Anyone with what appears to be an English accent around here is automatically known as l'anglais or l'anglaise, depending on their gender.

In private it can often be les anglos – as in Anglo-Saxon – and brings with it a tinge of distaste. (No, that's not quite fair – it's more an expression of the historical notion of a colder people from the north.)

Few here can differentiate between the elongated vowel sounds and rising and falling pitch of an American, say, and hear only a slight fuzziness in accent when speaking to a Scottish, Welsh or Irish person. So we're all lumped into the English category. In fact, much to their chagrin, just as often as the Dutch when they're speaking French.

Loading article content

For obvious reasons the French have no such problems with recognising the sibilant phrases of the Belgians, and certainly not with the guttural tones of the foolhardy few Germans who've settled in an area where scars have still not healed. But then, as in all insular rural communities, an incomer of 50 years standing from a parish 30 miles away may still be known by the name of their county.

In the main it is nothing personal, just fact and the lazy, easy identification that happens even now the length and breadth of Scotland.

As an immigrant I never forget I am a guest in this country, and, as any good guest, I hope my stay will be a courteous one; I am respectful of my host's standards and practices and prepared to accept and abide by them.

Sure, I can sit at a French table and curse, as they do, the ludicrous bureaucratic rules that steal our lives away; denigrate present policies and politicians, compare and contrast previous and present lives and systems. I may criticise loudly and passionately attitudes to animals but bow, teeth gritted, to cultural differences.

But, aware that I do not have the linguistic, and therefore intellectual skills, that wrap a difficult conversation in honey and sly praise while dripping the acid, I remain within careful lines that I do not cross.

At heart love of one's country is like love of one's child. Only the guardian of such can publicly chastise and criticise; let others try and rightly let them feel the slash of the lion's paw.

Ah, but there's always a get-out, isn't there? An opportunity to be perceived as different; given a permit to transgress and occasionally tiptoe over and back across the lines.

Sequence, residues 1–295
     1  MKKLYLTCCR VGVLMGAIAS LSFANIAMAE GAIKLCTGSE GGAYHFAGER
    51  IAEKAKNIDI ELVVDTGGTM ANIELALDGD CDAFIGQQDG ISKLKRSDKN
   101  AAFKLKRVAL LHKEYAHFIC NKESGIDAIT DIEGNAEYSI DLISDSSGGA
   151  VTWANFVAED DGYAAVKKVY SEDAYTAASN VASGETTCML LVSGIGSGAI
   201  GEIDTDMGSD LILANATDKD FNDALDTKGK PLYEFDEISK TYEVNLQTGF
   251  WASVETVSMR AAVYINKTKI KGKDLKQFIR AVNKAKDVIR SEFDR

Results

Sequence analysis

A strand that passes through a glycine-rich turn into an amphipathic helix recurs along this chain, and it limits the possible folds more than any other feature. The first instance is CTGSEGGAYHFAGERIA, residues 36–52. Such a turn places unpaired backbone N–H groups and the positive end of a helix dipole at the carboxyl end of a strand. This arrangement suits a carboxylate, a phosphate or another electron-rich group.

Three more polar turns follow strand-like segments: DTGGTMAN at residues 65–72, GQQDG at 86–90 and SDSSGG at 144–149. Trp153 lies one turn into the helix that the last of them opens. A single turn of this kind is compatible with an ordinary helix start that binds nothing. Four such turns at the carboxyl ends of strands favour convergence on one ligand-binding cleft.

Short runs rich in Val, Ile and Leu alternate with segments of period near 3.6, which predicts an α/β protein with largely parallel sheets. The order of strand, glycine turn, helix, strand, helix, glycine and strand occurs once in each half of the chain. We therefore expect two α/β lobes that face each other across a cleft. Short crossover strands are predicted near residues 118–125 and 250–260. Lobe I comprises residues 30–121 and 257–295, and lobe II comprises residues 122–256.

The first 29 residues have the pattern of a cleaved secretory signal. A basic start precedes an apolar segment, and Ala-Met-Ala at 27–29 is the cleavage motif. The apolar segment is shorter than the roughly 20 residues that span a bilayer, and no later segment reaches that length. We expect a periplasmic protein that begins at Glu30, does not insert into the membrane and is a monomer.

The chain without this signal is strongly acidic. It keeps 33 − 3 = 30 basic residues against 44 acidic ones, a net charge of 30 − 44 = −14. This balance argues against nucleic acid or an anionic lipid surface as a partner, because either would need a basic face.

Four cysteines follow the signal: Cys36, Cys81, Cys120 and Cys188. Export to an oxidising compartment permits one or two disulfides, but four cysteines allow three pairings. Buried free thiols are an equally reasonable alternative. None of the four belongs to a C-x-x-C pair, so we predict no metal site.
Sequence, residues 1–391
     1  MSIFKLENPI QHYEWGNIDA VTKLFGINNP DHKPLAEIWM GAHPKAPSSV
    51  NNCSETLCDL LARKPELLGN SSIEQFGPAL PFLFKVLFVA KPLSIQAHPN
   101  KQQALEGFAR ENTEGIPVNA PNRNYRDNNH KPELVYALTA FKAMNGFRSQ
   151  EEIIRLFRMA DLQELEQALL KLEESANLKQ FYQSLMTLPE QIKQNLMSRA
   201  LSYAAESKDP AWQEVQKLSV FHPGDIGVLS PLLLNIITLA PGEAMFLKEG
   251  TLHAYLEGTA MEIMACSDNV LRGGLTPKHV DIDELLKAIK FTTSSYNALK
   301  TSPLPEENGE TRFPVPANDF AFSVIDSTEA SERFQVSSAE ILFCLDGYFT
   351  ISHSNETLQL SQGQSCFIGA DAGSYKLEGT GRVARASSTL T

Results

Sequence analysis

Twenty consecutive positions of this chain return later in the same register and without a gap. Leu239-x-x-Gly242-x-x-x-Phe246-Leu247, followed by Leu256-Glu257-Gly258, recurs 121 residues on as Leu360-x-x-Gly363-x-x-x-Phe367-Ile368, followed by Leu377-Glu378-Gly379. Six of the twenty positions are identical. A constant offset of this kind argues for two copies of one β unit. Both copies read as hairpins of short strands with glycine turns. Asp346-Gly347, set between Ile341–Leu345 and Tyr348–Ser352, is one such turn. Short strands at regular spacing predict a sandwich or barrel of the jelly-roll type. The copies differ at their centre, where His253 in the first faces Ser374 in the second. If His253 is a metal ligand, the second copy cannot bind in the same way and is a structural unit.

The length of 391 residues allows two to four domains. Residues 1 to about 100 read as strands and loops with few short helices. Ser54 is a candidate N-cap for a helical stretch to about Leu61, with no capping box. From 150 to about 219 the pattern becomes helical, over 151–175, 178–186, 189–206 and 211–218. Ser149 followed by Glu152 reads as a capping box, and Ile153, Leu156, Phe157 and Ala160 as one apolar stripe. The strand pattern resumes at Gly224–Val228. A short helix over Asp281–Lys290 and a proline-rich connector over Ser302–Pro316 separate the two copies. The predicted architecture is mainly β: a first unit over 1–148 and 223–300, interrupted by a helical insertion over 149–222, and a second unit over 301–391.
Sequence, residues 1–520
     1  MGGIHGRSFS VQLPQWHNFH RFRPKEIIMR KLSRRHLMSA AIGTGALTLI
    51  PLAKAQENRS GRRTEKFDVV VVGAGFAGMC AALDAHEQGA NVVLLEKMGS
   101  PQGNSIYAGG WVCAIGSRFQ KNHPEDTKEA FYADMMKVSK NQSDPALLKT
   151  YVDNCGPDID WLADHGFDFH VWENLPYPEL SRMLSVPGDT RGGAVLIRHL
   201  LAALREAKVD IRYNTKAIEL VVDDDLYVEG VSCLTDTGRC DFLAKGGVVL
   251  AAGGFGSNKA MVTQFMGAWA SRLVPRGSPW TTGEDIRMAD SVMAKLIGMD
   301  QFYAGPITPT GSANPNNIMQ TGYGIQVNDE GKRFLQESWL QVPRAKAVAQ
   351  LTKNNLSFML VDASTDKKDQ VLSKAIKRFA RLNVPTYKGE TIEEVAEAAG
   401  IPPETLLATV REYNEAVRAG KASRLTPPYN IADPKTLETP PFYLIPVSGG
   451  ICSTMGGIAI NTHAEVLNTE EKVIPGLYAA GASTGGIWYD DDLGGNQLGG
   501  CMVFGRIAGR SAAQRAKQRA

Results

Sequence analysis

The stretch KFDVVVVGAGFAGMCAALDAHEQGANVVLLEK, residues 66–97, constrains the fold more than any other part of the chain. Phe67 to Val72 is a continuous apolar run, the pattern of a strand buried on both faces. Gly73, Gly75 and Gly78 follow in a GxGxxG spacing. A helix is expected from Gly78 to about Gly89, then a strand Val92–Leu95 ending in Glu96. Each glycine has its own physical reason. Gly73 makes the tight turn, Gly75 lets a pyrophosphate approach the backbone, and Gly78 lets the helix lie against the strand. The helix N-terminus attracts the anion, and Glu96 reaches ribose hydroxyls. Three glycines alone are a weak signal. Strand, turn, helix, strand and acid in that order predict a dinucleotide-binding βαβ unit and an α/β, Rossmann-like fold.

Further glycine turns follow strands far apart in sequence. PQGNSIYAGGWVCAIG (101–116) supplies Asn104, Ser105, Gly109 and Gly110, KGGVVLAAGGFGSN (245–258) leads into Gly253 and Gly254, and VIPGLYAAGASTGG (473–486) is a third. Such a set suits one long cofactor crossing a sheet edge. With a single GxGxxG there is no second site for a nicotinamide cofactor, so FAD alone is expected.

With the experience of two passports, two nationalities, I've crossed real borders all my professional life.

Hi, I'm Fidelma, who would you like me to be today? Or, rather, what do I need to be to be smiled upon more kindly here and get the story? Which passport should I use to ensure a smoother passage?

By birthplace: English. By upbringing from infancy and choice: southern Irish. By length of stay in any one country and by my child: Scottish.

So of course I knew that by the time I arrived here it was always, shall we say, helpful to be Irish or Scottish, never English. Police, ready to book me; tricky functionaries at the tax offices; stern-faced women in the post office and shops – all changed their look and attitude when I said in answer to their question: anglaise? "Non. Je suis irlandaise." Of course I threw in my long years in Scotland as belt and braces to my case or cause.

It has, so far, never failed and always elicits a warm response and immediate change of attitude.

I think I know why – of course I know why – but for fear of being accused of racism in these strange days, cannot try to explain. It says much for my English friends here and their tolerance that they listen to such tales with smiling understanding as, to their credit, they always have.

Historically the Irish and the Scots always joined the French against the common enemy – the English. The Scots, however, forged a legal pact, forever known as the Auld Alliance, in the 13th century to stop England's expansionist plans.

It was not just a military alliance but also a fusion of everything fine between the two countries, right down to the import of the first choice of the best Bordeaux wines to the Scots via Leith Harbour. English merchants seethed in resentment.

A little known part of that alliance though, and the most interesting, was the giving of joint nationality between both countries. Until the French revoked it in 1903, every Scot had dual nationality with France, and vice versa.

Only learning of that recently, to my surprise and ignorance, I tried to track it further.

It seems, according to one academic, there was no similar withdrawal to the French, so technically all French still have dual nationality in Scotland.

Perhaps Alex Salmond should invoke it in some form of fiscal paradise in his independent Scotland to woo, without papers, the rich and famous from France.

My imagination is soaring at the thought of all the fine wines heading your way – first choice; cheap price. The cheese, the foie gras - la vie francaise.

Maybe not. You could have got Gerard Depardieu.